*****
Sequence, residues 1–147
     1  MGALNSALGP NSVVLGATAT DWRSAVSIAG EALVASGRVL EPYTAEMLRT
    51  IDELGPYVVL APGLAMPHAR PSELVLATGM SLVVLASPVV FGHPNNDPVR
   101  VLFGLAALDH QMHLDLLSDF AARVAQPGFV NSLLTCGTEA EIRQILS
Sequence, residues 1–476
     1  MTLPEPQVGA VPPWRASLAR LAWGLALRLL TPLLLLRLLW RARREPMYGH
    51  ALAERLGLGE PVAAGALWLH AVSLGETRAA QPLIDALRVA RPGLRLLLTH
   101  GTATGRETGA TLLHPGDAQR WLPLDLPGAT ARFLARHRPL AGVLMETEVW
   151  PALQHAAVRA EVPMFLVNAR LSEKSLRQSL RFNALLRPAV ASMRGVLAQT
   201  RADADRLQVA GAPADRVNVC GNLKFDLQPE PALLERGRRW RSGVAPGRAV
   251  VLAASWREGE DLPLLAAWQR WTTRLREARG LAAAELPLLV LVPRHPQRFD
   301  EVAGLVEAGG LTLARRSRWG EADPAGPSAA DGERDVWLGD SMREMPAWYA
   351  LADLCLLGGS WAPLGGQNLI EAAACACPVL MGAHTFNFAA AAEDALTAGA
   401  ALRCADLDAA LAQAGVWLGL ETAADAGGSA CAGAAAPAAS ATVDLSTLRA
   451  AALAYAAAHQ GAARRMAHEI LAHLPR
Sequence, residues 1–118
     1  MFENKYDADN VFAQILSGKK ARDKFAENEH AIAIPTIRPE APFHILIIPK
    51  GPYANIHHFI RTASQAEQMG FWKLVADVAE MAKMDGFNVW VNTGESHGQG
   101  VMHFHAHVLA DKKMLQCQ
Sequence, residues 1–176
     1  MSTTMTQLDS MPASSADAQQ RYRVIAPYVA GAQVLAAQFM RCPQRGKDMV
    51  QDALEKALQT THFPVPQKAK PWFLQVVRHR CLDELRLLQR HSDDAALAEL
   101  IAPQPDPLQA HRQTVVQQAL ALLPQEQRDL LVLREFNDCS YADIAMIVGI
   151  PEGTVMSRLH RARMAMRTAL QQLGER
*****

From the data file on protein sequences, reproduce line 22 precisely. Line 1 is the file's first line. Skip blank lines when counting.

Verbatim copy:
    51  QDALEKALQT THFPVPQKAK PWFLQVVRHR CLDELRLLQR HSDDAALAEL